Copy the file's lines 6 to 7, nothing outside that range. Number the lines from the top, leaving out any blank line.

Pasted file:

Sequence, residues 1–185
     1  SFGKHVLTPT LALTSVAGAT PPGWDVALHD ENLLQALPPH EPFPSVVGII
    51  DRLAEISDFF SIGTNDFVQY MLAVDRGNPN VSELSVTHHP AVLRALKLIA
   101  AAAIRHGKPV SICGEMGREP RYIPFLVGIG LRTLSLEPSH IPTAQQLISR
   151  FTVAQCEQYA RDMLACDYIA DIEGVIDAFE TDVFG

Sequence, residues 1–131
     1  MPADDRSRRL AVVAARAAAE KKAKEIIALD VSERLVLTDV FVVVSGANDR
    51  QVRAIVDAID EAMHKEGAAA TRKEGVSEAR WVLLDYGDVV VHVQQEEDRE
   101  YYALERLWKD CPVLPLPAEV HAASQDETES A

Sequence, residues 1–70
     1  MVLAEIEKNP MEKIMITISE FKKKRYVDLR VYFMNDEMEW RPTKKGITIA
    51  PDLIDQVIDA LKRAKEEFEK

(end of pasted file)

Sequence, residues 1–131
     1  MPADDRSRRL AVVAARAAAE KKAKEIIALD VSERLVLTDV FVVVSGANDR